We are in the early process of roughing out the spring trip. (I need to talk about spring right now as it has been snowing all day here, I need something to look forward to.) Bruce and I agreed on sailing the middle part of Chesapeake Bay from Tangier Sound in the south to Tilghman Island in the north (or possibly higher on the bay).
This would be some of the same area that we covered on the Crab House 150, and also some of the same area I visited on a solo sail last September on the Bay Days 220. On the Crab House we were on a tight schedule heading up the bay and just sailed north on open water, bypassing a lot of interesting creeks, rivers and bays. This time we'll meander up the coast, checking out those places along the way.
Starting places could be either Onancock (in Virginia) or Rumbley (in Maryland). Possible ending points could be Cambridge, St. Michaels or, if the wind favors us, as far north as Chestertown on the Chester River. All three of those possible stopping places have what we need to complete the trip - a nearby car rental spot so we can rent a car to retrieve my jeep and trailer for the drive home.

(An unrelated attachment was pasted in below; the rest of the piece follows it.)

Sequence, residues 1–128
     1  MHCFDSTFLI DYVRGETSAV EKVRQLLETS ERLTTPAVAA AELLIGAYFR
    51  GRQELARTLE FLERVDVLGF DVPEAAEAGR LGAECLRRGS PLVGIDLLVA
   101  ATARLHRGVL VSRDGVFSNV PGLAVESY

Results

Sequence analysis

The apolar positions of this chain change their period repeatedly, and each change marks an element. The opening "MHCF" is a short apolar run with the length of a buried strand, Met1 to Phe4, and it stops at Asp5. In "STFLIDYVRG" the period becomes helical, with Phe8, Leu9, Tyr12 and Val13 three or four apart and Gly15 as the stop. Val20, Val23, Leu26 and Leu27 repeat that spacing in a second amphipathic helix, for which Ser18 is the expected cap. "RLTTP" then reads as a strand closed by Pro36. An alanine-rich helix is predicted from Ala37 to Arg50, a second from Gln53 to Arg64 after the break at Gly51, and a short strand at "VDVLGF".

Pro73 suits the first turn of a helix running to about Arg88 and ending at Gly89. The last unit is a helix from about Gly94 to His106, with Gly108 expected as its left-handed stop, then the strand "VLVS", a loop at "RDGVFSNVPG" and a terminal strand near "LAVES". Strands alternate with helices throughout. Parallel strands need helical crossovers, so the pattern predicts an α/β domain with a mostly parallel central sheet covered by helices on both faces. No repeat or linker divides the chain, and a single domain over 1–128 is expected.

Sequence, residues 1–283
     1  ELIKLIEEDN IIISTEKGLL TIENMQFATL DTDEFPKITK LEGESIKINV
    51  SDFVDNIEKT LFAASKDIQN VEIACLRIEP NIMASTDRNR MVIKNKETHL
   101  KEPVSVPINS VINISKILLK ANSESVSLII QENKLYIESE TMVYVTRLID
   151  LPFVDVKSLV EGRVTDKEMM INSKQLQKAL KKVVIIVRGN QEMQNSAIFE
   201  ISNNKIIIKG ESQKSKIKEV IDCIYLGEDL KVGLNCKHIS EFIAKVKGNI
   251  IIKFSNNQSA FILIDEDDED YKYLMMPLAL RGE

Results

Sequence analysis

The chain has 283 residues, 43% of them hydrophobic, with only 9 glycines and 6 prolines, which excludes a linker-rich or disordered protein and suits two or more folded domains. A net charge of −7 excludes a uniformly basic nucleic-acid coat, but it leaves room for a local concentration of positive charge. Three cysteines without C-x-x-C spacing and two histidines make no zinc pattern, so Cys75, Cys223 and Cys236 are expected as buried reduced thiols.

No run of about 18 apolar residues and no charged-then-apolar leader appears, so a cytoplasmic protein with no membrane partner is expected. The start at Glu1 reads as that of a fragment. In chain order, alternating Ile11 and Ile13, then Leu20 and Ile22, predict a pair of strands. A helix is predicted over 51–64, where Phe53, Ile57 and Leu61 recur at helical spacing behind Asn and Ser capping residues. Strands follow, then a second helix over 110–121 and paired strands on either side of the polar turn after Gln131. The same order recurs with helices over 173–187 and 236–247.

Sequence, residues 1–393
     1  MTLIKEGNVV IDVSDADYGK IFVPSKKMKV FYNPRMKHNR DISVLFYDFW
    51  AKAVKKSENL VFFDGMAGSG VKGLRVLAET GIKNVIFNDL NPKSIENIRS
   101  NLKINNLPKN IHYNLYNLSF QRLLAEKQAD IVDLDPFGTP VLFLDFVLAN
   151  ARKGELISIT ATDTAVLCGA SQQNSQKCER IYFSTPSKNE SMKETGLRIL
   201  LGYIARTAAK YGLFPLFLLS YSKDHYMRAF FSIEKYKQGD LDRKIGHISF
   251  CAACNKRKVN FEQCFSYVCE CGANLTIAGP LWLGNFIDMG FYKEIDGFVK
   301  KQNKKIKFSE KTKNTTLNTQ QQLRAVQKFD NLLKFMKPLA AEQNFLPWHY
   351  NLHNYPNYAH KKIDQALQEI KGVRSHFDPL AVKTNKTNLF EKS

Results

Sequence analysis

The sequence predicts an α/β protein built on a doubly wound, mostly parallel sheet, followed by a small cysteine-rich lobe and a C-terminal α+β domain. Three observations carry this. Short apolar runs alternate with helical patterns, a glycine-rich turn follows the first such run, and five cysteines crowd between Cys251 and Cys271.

I came across an interesting camera the other day that I briefly considered as a replacement camera. It is the GoPro HD Hero, a camera designed for adventure photography (both stills and video). It is a video/still camera that comes in a housing with a variety of mounts. They are available to mount on cars, surfboards, bikes and helmets. The one I looked at, without mounting attachments, is called the "Naked" version.
Pluses of the camera are....
- designed for the wear and tear of the outdoors
- impact resistant housing good to 180 feet
- 170 degree view (and from their sample photos there is little distortion)
- presets for interval shooting of still images
- hd video
- that very wide angle lens is a fixed lens, no zooming
- no preview window
- very few controls
- no flash
- no close-up feature
It is a pretty cool camera, take a look at this clip. (Keep in mind that is a low-rez stream, go to their home page for higher resolution.) It might be perfect for adventure racing (I wonder what the EC crowd would think of this - maybe mounted on the nose of a kayak or a multihull sailboat??). And it might be nice to have one of these as a second camera to mount somewhere - on the mast, on the end of the boom, on the bow - and forget about. But I don't think it has the flexibility that I would like for a primary camera on cruises. So right now the Pentax Optio W90 is the frontrunner, but I'm still doing some research.